- Empathy for your customers.
- Rough personas – between three and five, no more.
- Personas prioritised into primary, secondary and tertiary customers.
- A hypothesis to validate through research, like interviews, call centre listening or surveys.
Customer journey comic strips
Stick-figure comics are a simple way to start thinking about the journey your rough personas take. It’s a technique which never fails to build empathy for customers and get people working together.
Simply break your workshop group into teams of two. Give each team a piece the paper filled with six square panels, and ask them to draw a comic that shows a persona coming to a product or service and completing a task. Drawing comics is a fun way to imagine the persona’s journey.
These comic strips are great because they make people turn lists of needs and objectives into a story. Layers of abstraction peel away as participants relate detailed accounts of how they envision personas using a site or service. Ultimately, this exercise moves the conversation to how the site or service extends beyond the screen and into people’s lives.
Step 3: Change the type of work you do
In 2014, Econsultancy found that two-thirds of companies said their priority is ‘for all key marketing activities to be integrated across channels’. But only half said they ‘understood the customer journey and adapted the channel mix accordingly’.
Understanding the customer journey isn’t just about your organisation or research. It’s about changing the type of work that you do.
Bridging the digital divide
Leah Buley, Principal Analyst at Forrester Research, suggests that ‘high-impact’ CX organisations are able to cross the ‘digital divide’.
Leah found that high-impact and low-impact organisations have different approaches to work. High-impact companies go beyond digital by spending time on non-digital work, such as in-store, physical retail, environment design, service design, customer support and print collateral.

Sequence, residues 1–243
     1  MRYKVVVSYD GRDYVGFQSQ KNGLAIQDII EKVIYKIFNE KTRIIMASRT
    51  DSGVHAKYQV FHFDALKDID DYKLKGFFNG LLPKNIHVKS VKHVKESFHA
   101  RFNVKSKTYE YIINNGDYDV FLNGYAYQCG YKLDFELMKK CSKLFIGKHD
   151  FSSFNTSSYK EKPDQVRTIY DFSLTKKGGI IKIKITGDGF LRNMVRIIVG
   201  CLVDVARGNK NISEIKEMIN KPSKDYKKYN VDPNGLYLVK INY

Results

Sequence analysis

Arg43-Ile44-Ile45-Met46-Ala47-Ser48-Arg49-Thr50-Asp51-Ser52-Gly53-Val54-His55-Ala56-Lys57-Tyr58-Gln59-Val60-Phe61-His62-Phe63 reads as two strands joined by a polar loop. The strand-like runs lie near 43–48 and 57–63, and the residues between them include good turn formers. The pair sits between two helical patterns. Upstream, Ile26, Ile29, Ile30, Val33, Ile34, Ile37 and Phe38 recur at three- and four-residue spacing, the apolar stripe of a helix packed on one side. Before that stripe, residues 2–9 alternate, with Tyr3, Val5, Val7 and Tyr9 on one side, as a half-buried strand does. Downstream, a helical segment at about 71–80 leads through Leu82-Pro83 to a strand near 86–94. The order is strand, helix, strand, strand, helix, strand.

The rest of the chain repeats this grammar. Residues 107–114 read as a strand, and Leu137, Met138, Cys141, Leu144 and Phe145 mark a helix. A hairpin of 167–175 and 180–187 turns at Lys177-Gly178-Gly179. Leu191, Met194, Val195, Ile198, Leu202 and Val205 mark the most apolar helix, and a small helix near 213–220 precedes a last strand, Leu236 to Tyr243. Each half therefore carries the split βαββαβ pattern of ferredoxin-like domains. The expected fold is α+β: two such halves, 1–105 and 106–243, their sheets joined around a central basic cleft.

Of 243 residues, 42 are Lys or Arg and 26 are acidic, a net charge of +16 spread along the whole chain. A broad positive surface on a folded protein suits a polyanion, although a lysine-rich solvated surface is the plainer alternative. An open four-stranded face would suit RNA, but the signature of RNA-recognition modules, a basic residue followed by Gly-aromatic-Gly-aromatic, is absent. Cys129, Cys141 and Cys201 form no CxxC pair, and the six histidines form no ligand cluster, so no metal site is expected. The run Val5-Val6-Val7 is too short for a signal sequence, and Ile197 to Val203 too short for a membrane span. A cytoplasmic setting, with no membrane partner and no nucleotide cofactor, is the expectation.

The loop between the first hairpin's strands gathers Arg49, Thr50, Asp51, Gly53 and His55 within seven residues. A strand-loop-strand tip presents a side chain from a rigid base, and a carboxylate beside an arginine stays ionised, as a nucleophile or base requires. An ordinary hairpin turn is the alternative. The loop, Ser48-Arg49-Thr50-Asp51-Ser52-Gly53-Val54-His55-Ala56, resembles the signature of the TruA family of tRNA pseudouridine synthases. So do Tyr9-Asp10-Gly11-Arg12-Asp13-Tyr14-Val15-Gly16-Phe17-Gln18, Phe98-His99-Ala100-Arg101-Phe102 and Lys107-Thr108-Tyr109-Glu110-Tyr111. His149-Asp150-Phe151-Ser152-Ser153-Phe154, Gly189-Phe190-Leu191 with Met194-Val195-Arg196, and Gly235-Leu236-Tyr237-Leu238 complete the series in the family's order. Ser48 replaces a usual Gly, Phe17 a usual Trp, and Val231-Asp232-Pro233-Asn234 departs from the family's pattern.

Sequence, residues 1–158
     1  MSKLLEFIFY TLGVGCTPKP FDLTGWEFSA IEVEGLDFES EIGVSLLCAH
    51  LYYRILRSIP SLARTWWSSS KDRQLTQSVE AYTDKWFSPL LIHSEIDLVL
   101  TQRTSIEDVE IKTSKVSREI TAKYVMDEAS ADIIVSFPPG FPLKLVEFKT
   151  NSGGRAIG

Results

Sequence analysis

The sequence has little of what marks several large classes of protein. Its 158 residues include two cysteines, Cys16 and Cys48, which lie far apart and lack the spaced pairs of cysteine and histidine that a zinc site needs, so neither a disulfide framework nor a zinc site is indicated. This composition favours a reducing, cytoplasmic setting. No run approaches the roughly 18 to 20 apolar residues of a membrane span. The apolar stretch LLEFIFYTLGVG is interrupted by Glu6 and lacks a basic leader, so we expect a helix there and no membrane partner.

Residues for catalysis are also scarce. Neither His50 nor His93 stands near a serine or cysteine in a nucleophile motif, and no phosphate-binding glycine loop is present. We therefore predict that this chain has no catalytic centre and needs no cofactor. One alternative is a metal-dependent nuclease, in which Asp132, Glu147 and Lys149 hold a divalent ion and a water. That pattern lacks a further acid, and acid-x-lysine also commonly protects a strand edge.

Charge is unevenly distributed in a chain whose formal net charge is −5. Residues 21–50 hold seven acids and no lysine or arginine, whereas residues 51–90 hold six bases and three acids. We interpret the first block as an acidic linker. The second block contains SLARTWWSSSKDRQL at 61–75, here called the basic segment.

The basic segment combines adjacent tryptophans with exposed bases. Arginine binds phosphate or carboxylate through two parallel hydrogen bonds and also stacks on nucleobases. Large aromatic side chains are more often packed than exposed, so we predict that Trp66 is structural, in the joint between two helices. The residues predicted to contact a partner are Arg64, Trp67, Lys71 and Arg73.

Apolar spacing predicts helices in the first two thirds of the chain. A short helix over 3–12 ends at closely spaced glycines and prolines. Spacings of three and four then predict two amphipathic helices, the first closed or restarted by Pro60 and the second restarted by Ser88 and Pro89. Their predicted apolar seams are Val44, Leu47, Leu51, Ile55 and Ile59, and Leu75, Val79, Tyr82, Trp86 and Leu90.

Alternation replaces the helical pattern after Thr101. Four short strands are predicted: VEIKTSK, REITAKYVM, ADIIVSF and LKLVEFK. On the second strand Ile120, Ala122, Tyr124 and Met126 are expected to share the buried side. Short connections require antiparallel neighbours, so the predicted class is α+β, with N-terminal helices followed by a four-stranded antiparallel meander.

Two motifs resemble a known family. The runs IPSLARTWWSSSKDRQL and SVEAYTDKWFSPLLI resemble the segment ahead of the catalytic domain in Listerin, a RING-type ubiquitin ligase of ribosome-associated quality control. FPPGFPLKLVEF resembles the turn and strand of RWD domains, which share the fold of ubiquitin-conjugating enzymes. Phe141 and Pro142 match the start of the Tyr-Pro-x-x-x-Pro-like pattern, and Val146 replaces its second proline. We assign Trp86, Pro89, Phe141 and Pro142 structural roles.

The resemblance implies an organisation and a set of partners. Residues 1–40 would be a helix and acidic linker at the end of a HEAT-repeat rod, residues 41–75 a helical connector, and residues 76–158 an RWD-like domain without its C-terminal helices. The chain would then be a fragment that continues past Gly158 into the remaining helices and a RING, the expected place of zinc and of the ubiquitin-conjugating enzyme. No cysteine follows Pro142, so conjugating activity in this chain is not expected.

Echoing my experience, Leah found that high-impact companies simply do more of the end-to-end customer experience or journey design. They bridge the digital divide.
Know when digital matters
A growing number of customer interactions take place through digital – 20% more touch points annually, according to McKinsey. It’s easy for the work your organisation does to be all about digital, or for digital to become a standalone department.
However, research by IDC indicates that 79% of people want human interactions to form a part of customer service. With a resurgence in vinyl sales and the decline of the Amazon Kindle, there’s evidence that people still crave analogue experiences in addition to digital.
Understanding the end-to-end journey allows you to know where digital and non-digital matter most. With the proliferation of bots and other forms of automation, it’s important to keep human customer service where customers expect. This isn’t possible without first understanding the journey and customer touch points.
What is journey-driven design?
In 2015, the OMD UK’s Future of Britain research project found that ‘people change the device they are using at home 21 times an hour on average’. Customers move across mobile, laptop, TV, or in-store without thinking about it. They start and finish the journey how and where they want to because they can, thanks to technology.
Journey-driven design takes this behaviour into account by taking an end-to-end view from the perspective of your personas. This approach recognises that customers don’t see channels, or the blurring lines between offline and online.
Seamless, low effort, engaging cross-channel journeys are the new minimum expectation for increasingly sophisticated customers, and they need to form part of your business strategy.
Picture someone in a store looking to buy a sofa, whilst doing a price comparison on their phone. Journeys are no longer sequential, but happen simultaneously.
In a recent project for a UK high street furniture retailer, we found that journeys were:
- Messy and splintered.
- Varied in the way they start.
- Riddled with uncertainty.
- Disloyal to brands.
- Facilitated by Google throughout.
- Driven by convenience.
- Liable to change.
- Prone to starting again at any point.
- Mapping the customer journey.